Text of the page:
Whilst lots of people decide to use their driving instructor’s car on their test, there is nothing stopping you from using your own car to take your driving test. If you’ve got your own set of wheels, or you’re using a friends or family member’s car for extra driving practice outside of your lessons, you may find that you lean towards this car over your instructor’s car! If you are looking to use your own car for your driving test, there are a few rules that it will need to meet. We’ve also pointed out a few things to keep in mind before deciding which car to take with you on your test!
To take your own car on your driving test, it will need to make sure it is:
- Insured for a driving test. You will need to check this with your insurance company! You will have to sign a declaration at the beginning of your test stating that your insurance covers you for your test.
- Roadworthy and have a valid MOT certificate if it is over 3 years old.
- Have no warning lights showing.
- Have no tyre damage, and have the legal tread depth (You can’t have a space-saver spare tyre fitted).
- Smoke-Free. No smoking in your car before or during your test!
- Be able to reach at least 62 mph, and have a mph speedometer.
- Have 4 wheels! (No Reliant Robins I’m afraid)
Unfortunately, there are some cars that you cannot take your test in! These are:
- BMW Mini convertible
- Ford KA convertible
- Toyota iQ
- VW Beetle convertible
There are also some cars that have been affected by faults and recalled. If you have one of these, you will need to have proof that work has been carried out on your car so it is safe to drive (this can be a receipt for the work taken place). You can find the full list of recalled cars on the Gov website.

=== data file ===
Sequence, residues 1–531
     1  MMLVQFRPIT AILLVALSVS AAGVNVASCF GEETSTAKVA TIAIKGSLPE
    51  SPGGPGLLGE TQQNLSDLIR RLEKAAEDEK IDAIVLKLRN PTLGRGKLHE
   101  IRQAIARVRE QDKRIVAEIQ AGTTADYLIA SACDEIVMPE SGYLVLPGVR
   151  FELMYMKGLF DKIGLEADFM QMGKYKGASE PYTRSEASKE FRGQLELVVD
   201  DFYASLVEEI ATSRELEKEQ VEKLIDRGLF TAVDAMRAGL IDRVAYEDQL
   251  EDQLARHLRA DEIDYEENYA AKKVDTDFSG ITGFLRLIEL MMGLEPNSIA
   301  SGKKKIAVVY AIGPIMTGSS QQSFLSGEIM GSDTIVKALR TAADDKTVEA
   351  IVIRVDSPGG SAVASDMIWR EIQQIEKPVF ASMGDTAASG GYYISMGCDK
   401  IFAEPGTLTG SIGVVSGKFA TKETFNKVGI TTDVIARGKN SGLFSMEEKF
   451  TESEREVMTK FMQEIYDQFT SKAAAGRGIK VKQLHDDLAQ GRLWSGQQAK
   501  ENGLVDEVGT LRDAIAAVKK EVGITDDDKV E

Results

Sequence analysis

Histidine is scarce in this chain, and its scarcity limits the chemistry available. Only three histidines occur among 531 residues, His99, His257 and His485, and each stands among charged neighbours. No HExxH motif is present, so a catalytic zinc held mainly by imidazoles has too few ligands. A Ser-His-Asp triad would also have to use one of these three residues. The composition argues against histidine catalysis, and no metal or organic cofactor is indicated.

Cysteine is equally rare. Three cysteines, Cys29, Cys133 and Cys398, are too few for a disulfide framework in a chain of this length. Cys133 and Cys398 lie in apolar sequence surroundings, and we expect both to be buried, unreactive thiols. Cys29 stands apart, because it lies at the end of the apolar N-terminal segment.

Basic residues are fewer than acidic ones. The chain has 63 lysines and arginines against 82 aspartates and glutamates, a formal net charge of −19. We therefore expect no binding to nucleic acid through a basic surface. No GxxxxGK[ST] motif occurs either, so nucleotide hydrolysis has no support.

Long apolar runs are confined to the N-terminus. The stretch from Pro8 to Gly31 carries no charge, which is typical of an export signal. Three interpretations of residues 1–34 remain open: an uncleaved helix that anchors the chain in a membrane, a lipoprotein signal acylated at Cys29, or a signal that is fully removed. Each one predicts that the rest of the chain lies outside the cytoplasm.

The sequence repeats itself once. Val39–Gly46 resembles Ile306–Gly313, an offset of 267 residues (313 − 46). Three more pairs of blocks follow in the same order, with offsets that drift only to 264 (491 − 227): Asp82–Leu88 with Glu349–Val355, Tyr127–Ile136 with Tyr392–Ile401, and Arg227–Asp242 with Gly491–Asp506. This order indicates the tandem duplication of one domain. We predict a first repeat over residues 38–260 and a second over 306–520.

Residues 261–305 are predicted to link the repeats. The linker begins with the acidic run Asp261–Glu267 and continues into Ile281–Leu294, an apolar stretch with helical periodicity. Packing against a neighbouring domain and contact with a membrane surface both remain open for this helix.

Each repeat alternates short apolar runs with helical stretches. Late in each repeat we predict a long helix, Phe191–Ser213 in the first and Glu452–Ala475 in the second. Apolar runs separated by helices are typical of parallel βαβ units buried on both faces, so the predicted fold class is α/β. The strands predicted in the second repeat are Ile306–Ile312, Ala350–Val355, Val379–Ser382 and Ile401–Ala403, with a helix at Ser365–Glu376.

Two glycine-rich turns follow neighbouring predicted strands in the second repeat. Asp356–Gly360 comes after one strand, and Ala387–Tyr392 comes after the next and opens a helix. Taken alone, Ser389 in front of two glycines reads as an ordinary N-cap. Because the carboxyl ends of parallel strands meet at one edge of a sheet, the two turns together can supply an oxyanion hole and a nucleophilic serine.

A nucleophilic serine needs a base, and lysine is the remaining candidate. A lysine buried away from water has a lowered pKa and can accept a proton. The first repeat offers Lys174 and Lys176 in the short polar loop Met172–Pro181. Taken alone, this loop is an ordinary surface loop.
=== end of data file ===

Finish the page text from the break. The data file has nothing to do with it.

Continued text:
You will also need to add some extra measures to your car to make sure you can use it for your test. We’ve listed this below – but we would also recommend checking with your local test centre to be doubly sure your car meets the requirements!
- An extra interior rear-view mirror must be added for the examiner
- L Plates (obviously)
- A passenger seatbelt and proper head restraint for the examiner!
- Remove or turn off any in-car cameras that record audio
Which car to choose?
For those who have had driving lessons as well as private practice, you’re probably used to driving two very different cars. Of course, it’s up to you which one you use on the test (providing they both meet the above criteria) but there are a few things to think about before deciding.
Which have you practised the most in?
You may have a preference of which car you want to use, but which one do you know the best? If you’re used to and confident in one over the other, it may be a good idea to use this one on test day!
Whichever car you choose, you should be confident with your manoeuvres in it. This means knowing the reference points of your reversing manoeuvres in this car – as they will differ depending on what you’re driving!
You need to make sure that whichever car you take your test in, you’re able to get home again when you pass! Once you’ve passed your test you may no longer be insured if you only hold a provisional insurance policy, so you may need someone to get you home until you can sort new insurance out!
Whether you take your test in your own car or your instructors, we wish you all the luck in your test!